Empowerment Through Solitude
Have you ever gone an entire day without speaking to anyone else? The only words you have uttered from your mouth all day are the lyrics to an ear worm on loop in your head while you shower, mumbled comments to yourself about the weather or a string of expletives when you kicked the corner of the bed frame. Maybe you also held an imagined Late Night Show interview in front of the mirror and practiced the charming answers you would give to Stephen Colbert when you became famous for who knows what. Not that I’ve ever done that.
Depending on who you are, this might sound like the worst day ever or the best. If you had described a day like this to me six months ago, I would have cringed and shuddered. I am an honest to goodness extrovert. That’s not to say I never liked being alone. I relished long walks and quiet nights in reading a book or watching a movie without the interruption of another person’s loud breathing or incessant comments.
But I liked being alone in moderation. If I was alone for more than a day, my mind would immediately begin to go into panic mode: “Why am I alone again?” And it was just a downward spiral from there. I tried to reason why I wasn’t hanging out with anyone. Maybe everybody hates me? Do people find me annoying? Oh god, maybe I said something stupid without realizing it and offended all my friends and now they never want to see me again. You know, the usual anxiety riddled thoughts you have when you wake up in a sweat in the middle of the night. “I’m in my twenties! I’m supposed to be living out my youthful glory days! Going to parties, going out dancing, going on dates, making plans, making mistakes!” is what I would anxiously tell myself when I felt I had been alone for too long.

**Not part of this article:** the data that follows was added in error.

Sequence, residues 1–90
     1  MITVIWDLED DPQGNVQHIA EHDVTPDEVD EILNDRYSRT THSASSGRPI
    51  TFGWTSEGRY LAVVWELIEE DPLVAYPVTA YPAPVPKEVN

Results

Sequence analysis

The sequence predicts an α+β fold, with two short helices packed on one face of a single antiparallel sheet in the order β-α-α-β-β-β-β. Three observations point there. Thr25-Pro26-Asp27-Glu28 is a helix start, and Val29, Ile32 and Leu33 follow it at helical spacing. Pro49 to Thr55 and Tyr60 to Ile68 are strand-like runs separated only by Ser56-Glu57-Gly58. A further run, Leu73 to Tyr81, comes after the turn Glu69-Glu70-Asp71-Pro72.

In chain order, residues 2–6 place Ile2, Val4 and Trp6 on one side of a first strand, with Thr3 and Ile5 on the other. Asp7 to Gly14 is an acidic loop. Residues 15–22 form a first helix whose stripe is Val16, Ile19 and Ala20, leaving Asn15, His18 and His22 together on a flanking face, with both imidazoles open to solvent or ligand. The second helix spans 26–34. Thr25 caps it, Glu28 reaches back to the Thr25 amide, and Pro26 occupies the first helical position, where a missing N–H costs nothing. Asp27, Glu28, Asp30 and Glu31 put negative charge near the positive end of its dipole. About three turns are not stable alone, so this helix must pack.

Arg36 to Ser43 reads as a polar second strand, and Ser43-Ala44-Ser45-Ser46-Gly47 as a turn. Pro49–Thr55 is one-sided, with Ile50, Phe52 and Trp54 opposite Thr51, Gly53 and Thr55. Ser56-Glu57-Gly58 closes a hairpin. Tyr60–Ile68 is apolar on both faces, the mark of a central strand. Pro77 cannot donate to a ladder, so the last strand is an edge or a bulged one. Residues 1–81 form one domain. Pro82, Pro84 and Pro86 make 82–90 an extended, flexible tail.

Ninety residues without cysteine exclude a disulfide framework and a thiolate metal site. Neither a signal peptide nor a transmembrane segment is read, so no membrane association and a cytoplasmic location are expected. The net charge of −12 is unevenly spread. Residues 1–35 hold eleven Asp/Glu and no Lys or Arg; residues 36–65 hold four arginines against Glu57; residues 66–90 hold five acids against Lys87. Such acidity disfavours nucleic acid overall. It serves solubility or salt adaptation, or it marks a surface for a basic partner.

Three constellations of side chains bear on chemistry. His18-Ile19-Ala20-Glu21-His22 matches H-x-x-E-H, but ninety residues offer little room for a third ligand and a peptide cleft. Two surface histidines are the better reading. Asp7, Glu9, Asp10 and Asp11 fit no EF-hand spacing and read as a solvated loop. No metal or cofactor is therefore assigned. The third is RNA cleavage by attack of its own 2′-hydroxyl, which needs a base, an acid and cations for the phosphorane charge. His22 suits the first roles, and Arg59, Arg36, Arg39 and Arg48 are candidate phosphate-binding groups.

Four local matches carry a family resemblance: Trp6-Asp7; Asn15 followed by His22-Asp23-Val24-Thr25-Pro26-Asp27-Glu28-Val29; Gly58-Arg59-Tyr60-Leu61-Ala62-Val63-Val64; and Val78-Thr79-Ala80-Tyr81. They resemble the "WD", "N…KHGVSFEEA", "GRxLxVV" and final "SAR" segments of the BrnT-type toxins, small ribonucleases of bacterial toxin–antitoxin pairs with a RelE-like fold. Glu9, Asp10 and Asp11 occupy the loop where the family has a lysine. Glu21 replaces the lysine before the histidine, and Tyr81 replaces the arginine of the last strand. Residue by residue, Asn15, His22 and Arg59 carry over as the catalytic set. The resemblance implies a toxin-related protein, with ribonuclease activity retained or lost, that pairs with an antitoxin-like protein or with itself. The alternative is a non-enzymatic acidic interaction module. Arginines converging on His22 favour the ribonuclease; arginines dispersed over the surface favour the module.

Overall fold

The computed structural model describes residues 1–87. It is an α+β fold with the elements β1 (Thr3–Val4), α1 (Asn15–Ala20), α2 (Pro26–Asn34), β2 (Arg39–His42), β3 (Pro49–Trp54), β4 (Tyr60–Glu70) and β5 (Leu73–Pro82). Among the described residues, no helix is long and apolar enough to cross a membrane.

It’s true, I am in my twenties and I should be seizing as many new opportunities and experiences as I can. But it’s not a race to do ALL these exciting things at once. When you pressure yourself to have fun, things stop being fun. Being alone is not a weakness or a sign that you’re a socially inept person. Even if you like being on your own, social media and pop culture creates a negative stigma around being alone. And yes, enjoying your own company doesn’t necessarily come naturally to everyone. It can take practice and confidence to acquire. But it is an invaluable skill that can teach you so much about yourself.
When I lived in a small town for a co-op this summer, I would come home after work and not speak to another soul until I arrived at work again the next morning. At the beginning of the summer, I would scramble to make contact with friends in Victoria, sending texts, memes, making plans to call. Basically anything that reassured me that even though I was alone in this house, I wasn’t really alone. But I hate texting and I don’t really like talking on the phone. I still called and texted friends, but only if we both really felt like it, not because I felt like I had to prove to myself that, yes indeed I still have friends.
My job required me to be “on” all day. I worked at a museum where I was interacting with visitors all day and my throat often hurt from non-stop speaking. Eventually, I would look forward to coming home from work and just being silent. I started getting creative with my time alone, trying new recipes, taking up yoga, exploring the nearby river valley. It was a slow, almost unnoticeable progress, but by August, I loved being by myself. I was able to sort through my thoughts and feelings on my own, and gained a whole other level of comfort and trust with myself.
When you’re by yourself, you have to learn to like who you are because you’re all you’ve got. It’s simultaneously empowering and humbling. You realize what you like about yourself and you definitely become aware of what you need to work on. I found that I have gained confidence in who I am since learning to be alone, and it’s carrying into my academic and social life. I’m not riddled with the same level of self-doubt and I’m far more willing to try new things and take new risks, but also conscious of the changes I would like to see in myself.
Maybe for some people reading this, the beauties and strengths of solitude are obvious. Maybe you’re a born introvert who’s reading this going, “duh”. But as many students are entering their twenties, the pressure to be social and to be this idealized version of “young” can be suffocating. In an age when media and technology constantly keep us connected to each other, it’s important to take a step back and just be yourself without fear of judgement or criticism. Let your imagination run wild, daydream, observe your surroundings, and just let thoughts come and go. You may be surprised how much you can learn about yourself when you just let yourself be.